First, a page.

What I really look for in debates is argument depth. I would much rather listen to nine detailed link scenarios to one disad than nine disads. I’d even more prefer one very deep and nuanced link scenario to nine more generic link turns. As a result, I generally prefer a good case debate or impact turn strategy to most other strategies (the notable exception being the case-specific counterplan grounded in the aff evidence). A big part of argument depth is the quality of evidence you read. I tend to read a lot of evidence in good debates, and I see it as my responsibility to discourage shallow debates based on shallow research, and reward deep debates that demonstrate thorough, relevant, and timely research. As a result, I tend to be more persuaded by specific, warranted link takeouts or turns than by generic rhetorically powerful link cards that make broad but empty assertions, and by one long but warranted piece of evidence over five one-sentence, warrantless assertions.

Part of the reason that I prefer debates in which each side only really extends one or two main arguments which are then applied in many places is because it takes a lot of time to do the application and analysis that I am requesting, and rebuttals in which there are many different flows in play don’t really make it possible to do so. It is most often in these situations that I have found that debaters are frustrated with my decisions, because there hasn’t been time to discuss meta-level implications, leaving me to assert my own interpretation.

As a subset of my preference for deep debates emphasizing the substance of research, I fail to comprehend why the affirmative should ever defend an immediate and permanent interpretation of advocacy/fiat. The substance of research should provide the implementation of plan, as with every other aspect of the case. Immediacy and permanency simply seems to void most negative link arguments and allows the aff to ignore many solvency questions, which does not seem particularly advantageous for the negative. Therefore, if you plan to run any counterplans which depend on this entirely arbitrary interpretation of advocacy, then be prepared to explain exactly why the notion of advocacy should mean something different for the aff than for the neg.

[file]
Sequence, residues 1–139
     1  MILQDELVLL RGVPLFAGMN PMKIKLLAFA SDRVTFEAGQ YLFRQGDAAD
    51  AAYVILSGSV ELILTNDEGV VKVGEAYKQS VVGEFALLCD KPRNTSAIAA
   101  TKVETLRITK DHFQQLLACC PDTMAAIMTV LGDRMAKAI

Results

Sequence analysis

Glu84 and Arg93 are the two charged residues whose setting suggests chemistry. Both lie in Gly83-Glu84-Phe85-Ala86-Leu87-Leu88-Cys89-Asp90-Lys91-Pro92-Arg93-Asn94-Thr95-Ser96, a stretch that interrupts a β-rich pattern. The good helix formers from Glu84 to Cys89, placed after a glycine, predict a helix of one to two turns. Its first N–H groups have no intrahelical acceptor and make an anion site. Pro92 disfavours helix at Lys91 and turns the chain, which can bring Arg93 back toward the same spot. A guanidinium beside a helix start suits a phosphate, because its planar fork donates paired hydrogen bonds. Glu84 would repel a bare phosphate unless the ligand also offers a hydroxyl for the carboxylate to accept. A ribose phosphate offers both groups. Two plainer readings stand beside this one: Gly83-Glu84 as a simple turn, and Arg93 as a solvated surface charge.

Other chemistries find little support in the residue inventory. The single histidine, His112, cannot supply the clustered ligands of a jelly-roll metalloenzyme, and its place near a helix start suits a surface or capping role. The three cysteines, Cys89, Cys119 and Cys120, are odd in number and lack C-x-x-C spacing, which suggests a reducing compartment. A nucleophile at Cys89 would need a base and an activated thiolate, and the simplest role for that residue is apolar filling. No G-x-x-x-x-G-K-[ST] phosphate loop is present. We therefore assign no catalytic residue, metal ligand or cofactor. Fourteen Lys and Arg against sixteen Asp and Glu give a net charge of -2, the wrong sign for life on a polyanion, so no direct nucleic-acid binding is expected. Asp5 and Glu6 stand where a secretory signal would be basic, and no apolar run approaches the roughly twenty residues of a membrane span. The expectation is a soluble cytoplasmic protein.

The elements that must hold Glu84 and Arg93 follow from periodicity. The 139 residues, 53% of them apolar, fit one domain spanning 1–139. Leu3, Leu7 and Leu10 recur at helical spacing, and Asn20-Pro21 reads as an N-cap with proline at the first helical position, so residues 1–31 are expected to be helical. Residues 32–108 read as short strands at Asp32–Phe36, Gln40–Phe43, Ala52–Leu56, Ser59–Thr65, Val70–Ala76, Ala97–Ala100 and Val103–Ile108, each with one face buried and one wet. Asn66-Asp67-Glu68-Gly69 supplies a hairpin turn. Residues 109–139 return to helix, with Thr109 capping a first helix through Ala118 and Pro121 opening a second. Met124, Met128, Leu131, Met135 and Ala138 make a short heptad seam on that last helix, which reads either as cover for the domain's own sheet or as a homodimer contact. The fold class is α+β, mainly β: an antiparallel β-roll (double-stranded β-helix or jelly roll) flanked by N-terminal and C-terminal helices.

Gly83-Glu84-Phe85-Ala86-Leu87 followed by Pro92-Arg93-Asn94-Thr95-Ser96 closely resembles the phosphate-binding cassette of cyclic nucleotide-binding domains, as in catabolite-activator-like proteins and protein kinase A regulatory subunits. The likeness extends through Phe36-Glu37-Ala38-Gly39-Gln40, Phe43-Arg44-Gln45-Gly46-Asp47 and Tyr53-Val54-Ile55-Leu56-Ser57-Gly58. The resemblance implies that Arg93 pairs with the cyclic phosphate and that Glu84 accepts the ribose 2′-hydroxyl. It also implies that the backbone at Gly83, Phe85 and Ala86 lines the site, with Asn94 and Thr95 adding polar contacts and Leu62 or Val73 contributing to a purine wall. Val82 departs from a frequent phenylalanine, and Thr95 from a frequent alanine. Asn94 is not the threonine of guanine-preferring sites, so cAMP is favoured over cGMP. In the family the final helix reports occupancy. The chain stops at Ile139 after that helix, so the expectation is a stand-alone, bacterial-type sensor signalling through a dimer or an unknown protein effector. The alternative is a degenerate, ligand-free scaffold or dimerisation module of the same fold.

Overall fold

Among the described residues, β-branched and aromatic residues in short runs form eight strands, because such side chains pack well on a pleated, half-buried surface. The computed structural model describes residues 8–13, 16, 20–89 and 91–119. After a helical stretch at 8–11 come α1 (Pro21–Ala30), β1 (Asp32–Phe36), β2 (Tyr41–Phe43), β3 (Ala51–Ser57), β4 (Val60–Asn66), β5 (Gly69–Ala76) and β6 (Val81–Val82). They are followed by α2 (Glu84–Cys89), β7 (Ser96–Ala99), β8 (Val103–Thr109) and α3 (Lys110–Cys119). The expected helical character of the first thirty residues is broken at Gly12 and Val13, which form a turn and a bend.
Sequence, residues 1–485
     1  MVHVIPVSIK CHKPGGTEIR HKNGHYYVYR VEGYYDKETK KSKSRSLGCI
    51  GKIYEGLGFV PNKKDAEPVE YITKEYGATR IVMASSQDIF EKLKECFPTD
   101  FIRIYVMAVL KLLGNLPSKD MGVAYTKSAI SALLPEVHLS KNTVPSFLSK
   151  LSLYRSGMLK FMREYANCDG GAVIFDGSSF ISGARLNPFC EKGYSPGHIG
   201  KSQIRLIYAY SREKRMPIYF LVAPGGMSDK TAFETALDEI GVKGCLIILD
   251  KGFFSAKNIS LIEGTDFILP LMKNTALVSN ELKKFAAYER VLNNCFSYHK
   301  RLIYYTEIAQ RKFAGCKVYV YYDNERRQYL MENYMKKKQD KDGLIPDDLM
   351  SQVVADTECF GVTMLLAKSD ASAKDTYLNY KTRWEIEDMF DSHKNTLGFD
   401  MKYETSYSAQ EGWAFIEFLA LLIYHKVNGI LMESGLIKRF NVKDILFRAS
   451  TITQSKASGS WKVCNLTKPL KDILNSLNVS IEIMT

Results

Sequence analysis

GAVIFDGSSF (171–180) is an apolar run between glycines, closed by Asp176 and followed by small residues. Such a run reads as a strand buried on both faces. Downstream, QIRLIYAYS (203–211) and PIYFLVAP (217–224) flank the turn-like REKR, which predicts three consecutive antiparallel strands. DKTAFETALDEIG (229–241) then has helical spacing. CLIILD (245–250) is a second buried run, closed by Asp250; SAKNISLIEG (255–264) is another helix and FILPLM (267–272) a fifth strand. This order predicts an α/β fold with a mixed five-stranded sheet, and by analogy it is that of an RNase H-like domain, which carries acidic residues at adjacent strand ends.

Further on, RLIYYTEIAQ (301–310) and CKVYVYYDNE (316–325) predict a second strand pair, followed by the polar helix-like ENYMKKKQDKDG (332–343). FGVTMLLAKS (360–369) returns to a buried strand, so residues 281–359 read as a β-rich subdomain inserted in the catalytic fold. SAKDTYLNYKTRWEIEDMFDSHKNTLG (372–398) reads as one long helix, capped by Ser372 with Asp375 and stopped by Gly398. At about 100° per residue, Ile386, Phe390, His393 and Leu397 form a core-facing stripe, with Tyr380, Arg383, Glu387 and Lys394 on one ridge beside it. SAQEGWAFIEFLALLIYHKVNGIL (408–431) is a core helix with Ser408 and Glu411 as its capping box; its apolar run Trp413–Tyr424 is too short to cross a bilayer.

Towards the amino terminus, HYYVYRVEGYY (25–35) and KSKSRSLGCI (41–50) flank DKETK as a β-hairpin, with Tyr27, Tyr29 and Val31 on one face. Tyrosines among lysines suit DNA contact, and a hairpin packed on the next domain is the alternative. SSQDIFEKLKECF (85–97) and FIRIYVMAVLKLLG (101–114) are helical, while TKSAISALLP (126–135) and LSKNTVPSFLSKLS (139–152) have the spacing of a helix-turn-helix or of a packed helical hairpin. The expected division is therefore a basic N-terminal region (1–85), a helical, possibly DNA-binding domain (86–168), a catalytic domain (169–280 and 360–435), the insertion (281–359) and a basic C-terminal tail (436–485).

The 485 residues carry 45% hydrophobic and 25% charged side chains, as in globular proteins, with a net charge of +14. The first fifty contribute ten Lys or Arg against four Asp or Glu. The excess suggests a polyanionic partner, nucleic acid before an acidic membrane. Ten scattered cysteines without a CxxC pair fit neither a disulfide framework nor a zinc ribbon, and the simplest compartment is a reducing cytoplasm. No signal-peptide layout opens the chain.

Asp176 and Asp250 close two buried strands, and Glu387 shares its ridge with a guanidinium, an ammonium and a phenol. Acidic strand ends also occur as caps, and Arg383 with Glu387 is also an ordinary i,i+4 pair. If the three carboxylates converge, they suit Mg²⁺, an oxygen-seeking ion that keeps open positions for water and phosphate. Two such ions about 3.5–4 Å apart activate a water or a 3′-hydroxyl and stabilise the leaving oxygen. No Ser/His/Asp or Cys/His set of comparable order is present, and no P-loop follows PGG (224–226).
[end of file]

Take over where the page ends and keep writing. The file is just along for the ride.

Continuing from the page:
A couple more practical notes:

I generally view positions in terms of offense/defense, and will determine the direction of uniqueness before links unless instructed to do otherwise. I like to be able to ignore entire sections of a debate round when making my decision, so terminal uniqueness and inevitability or timeframe claims will get you far.

My background is in contemporary international relations, and therefore I am more fluent in debates in which the literature is written from the perspective of realist or liberal theories of international relations than in debates speaking from a constructivist perspective. Debaters who share a depth of knowledge in this field, whether arguing in favor of this perspective or against it, will inevitably be better equipped to communicate with me than those without. This knowledge can, however, cut both ways; I may be predisposed to believe that realist world leaders are probably inevitable, but I’m also predisposed to believe that Mearsheimer takes out Nye. Conversely, I may not understand why the assumptions of one philosopher conflict with another. It is your burden to explain this to me, even in the situations in which you think I may already understand.

Topicality debates should involve smart, technical interpretations which are explained by long, descriptive overviews with examples of cases and reasons why those cases are bad for debate. Theory and T are the same argument, so I don’t know why people treat them differently. Most theory debates rely on constant repetition of meaningless catchphrases. If you want to impress me, avoid jargon and tell me exactly why their interpretation is bad for debate, with examples. Sell me a story.

A note for performance teams: be very clear about your role for the ballot, and the methodology you expect me to use to decide it, and then defend that. Very often I don’t know what exactly it is I’m endorsing, and I find that incredibly frustrating.

Seasonal voting record:

TourneyDivRdAFF    NEG    Decision